Jed Johnson (designer)

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Jed Johnson
Jed Johnson (designer).jpg
Born(1948-12-30)December 30, 1948
Alexandria, Minnesota, United States
DiedJuly 17, 1996(1996-07-17) (aged 47)
OccupationFilm director, designer

Jed Johnson (December 30, 1948 – July 17, 1996) was an American interior designer and film director. Initially hired by Andy Warhol to sweep floors at The Factory, he subsequently moved in with Warhol, and was his lover for twelve years.[1][2] As a passenger in the first class cabin, he was killed when TWA Flight 800 came down shortly after takeoff in 1996.[3]

Early life[edit]

Johnson and his twin brother Jay were born in Alexandria, Minnesota on December 30, 1948. They were two of six children raised in Arizona and then California, where the family moved in search of employment.[4]

Warhol years[edit]

In 1967, Johnson and his brother Jay moved from Sacramento, California to New York City.[5] They found an apartment in the East Village, Manhattan through a heroin addict, got mugged and lost their last $200.[4] Two weeks later, Johnson delivered a telegram to the Decker building which was being renovated by Paul Morrissey before it became the new home of Andy Warhol's Factory.[6] Johnson accepted an on-the-spot job offer to sweep floors, but quickly moved into editing several films including L'Amour (1973), Andy Warhol's Dracula (1974), and eventually directing Andy Warhol's Bad (1977).

Johnson picked out a townhouse for Warhol on East 66th Street and designed its interiors.[7] He lived there with Warhol for a number of years.

In 1982, architect Alan Wanzenberg and Jed opened their own company named Johnson and Wanzenberg and collaborated to create and design the houses of celebrities.

Johnson was later a member of the Andy Warhol Art Authentication Board, formed the year before his death.[8]

Designer[edit]

Among other offshoot projects, Johnson designed the offices of Interview magazine. Through that work, he met Sandra and Peter Brant and worked with them on eleven projects.[7] He built on this career, eventually forming a partnership in both business and life with the architect Alan Wanzenberg, and taking on clients such as Mick Jagger and Richard Gere.[9]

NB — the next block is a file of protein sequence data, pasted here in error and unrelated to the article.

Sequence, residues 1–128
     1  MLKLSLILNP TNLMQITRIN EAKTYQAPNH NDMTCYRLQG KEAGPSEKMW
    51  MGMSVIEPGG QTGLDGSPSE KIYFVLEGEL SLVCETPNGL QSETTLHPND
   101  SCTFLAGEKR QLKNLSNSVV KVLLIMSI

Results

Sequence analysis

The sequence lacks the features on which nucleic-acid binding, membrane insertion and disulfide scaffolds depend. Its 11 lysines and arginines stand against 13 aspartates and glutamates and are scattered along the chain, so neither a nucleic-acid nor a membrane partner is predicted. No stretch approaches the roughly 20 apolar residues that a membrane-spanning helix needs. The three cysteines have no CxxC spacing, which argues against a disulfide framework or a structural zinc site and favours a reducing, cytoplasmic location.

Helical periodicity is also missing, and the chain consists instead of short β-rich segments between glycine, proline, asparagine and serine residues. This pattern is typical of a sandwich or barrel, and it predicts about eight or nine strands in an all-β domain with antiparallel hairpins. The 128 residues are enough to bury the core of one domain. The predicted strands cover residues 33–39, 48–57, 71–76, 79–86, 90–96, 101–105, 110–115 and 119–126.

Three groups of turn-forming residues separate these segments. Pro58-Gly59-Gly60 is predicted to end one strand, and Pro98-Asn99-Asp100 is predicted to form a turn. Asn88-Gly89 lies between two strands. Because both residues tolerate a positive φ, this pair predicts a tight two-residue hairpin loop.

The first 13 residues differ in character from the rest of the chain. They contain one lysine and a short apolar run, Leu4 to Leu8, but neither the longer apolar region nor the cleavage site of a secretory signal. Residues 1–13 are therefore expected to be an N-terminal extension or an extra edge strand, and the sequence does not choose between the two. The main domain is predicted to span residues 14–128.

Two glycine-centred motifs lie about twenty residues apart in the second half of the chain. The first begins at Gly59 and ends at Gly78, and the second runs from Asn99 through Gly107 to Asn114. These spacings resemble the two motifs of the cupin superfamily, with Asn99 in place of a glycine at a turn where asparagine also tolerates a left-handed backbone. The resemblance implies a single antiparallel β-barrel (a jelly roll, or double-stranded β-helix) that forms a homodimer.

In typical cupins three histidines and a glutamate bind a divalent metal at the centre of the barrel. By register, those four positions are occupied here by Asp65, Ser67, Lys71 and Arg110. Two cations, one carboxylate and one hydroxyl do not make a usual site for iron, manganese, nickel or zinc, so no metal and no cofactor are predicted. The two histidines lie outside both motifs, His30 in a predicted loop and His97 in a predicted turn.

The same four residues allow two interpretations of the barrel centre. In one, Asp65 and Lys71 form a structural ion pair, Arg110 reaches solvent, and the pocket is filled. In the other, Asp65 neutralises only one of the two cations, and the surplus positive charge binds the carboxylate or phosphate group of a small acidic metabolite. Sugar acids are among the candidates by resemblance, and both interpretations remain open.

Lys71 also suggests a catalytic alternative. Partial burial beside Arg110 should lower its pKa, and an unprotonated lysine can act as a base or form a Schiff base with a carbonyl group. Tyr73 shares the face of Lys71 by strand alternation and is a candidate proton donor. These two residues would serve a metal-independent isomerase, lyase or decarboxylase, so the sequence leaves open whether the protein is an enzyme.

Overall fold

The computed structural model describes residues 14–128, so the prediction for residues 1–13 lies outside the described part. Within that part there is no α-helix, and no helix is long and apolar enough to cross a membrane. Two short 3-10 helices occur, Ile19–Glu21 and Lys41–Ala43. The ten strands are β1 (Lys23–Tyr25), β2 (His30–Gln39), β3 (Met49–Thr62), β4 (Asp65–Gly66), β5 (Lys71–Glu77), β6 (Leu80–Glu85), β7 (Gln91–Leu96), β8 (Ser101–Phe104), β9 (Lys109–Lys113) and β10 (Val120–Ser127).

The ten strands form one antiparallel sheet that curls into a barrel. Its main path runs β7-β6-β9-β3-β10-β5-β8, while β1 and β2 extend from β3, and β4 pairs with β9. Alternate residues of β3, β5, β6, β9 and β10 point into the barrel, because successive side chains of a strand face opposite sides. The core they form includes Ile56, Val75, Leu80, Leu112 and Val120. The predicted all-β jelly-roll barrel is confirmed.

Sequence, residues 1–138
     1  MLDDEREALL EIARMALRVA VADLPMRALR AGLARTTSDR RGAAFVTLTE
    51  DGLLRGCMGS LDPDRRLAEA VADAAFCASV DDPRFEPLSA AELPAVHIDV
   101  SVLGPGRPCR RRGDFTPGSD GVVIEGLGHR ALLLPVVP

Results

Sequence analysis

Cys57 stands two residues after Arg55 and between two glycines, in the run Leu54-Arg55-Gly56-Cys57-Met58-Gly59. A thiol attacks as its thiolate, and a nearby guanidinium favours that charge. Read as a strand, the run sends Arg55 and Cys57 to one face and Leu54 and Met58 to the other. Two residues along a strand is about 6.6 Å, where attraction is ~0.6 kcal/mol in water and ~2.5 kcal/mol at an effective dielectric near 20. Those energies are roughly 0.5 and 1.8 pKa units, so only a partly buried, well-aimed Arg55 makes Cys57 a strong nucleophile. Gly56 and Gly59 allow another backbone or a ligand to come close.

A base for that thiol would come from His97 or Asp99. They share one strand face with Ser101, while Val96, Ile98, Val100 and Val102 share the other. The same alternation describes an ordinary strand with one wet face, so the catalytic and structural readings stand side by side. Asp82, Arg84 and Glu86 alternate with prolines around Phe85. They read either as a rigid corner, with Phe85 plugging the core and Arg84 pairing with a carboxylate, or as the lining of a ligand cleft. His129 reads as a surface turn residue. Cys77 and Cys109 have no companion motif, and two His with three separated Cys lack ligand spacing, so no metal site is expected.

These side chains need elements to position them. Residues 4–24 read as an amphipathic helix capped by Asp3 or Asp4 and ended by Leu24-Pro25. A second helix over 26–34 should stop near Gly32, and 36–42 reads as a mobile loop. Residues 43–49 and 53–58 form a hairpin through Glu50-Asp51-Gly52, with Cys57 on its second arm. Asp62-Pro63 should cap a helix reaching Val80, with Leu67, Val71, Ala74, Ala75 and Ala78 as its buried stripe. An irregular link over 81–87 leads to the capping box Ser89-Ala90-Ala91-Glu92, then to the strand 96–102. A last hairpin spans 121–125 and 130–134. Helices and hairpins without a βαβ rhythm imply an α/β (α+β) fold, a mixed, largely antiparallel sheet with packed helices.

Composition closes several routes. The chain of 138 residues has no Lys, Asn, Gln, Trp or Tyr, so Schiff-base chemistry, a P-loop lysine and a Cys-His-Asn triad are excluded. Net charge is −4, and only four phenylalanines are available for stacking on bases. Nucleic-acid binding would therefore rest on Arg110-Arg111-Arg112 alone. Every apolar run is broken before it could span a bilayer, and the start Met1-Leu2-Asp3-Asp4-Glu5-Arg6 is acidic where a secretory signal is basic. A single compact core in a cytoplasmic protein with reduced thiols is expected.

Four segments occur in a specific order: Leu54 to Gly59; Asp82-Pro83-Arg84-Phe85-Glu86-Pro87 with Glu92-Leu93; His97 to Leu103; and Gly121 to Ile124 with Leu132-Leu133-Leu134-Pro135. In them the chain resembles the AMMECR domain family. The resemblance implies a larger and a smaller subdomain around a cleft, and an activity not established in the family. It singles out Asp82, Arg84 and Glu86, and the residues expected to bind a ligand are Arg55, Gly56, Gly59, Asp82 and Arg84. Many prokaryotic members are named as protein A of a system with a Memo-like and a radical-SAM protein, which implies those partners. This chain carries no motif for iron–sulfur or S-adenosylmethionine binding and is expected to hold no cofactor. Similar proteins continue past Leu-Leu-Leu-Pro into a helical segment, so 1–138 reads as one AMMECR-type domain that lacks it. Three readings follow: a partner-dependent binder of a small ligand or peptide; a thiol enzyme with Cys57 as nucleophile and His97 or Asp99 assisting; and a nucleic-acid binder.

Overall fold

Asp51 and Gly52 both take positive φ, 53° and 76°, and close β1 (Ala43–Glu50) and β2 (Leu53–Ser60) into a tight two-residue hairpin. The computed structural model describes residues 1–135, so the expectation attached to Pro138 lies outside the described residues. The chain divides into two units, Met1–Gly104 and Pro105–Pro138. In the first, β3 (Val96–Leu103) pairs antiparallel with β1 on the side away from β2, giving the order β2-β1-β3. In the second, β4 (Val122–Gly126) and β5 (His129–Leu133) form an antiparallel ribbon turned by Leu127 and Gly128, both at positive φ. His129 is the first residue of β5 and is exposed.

He was named to the Interior Design Magazine Hall of Fame in 1996.[10]

Death[edit]

On July 17, 1996, Johnson was a passenger on TWA Flight 800. He was killed along with 229 other passengers and crew members when the plane exploded off the coast of Long Island, New York.[11] He was 47.

Bibliography[edit]

  • Jay Johnson (author), with contributions by Paul Goldberger, Bob Colacello, Pierre Berge, and Sandra Brant. Jed Johnson: Opulent Restraint (New York: Rizzoli, November 2005).[12] ISBN 978-0-8478-2714-5
  • Alan Wanzenberg. Journey: The Life and Times of an American Architect (New York: The Pointed Leaf Press, 2013).

References[edit]

  1. ^ Victor, Bockris Warhol: The Biography, Da Capo Press, 2003, Introduction p2
  2. ^ Alexander, Paul (1994). Death and Disaster: The Rise of the Warhol Empire and the Race for Andy's Millions. Villard Books. p. 45. ISBN 0-679-43273-6.
  3. ^ EXPLOSION ABOARD T.W.A. FLIGHT 800: VICTIMS;Lives of Beauty and Business, Sports and Scholarship, Youth and Age
  4. ^ a b Hamilton, William L. (2005-11-10). "The Surviving Twin, Rearranging the Furniture". The New York Times. ISSN 0362-4331. Retrieved 2021-07-15.
  5. ^ Colacello, Bob (2014). Holy Terror: Andy Warhol Close Up. Vintage Books. p. 99. ISBN 978-0-8041-6986-8.
  6. ^ Interview magazine article about Jed Johnson
  7. ^ a b Goldberger, Paul (July 25, 1996). "Jed Johnson: Grace interrupted". New York Times. Retrieved June 27, 2014.
  8. ^ Shnayerson, Michael (2003). "Judging Andy". Vanity Fair. Retrieved 2014-10-01.
  9. ^ Kathryn H. Anthony (2001). Designing for Diversity: Gender, Race, and Ethnicity in the Architectural Profession. University of Illinois Press. p. 73.
  10. ^ "Interior Design Hall of Fame". Archived from the original on 2008-04-23. Retrieved 2008-04-22.
  11. ^ "The Numbers". The Advocate. Here Publishing (715): 14. 1996-09-03. ISSN 0001-8996.
  12. ^ Rizzoli book page Archived October 22, 2007, at the Wayback Machine

External links[edit]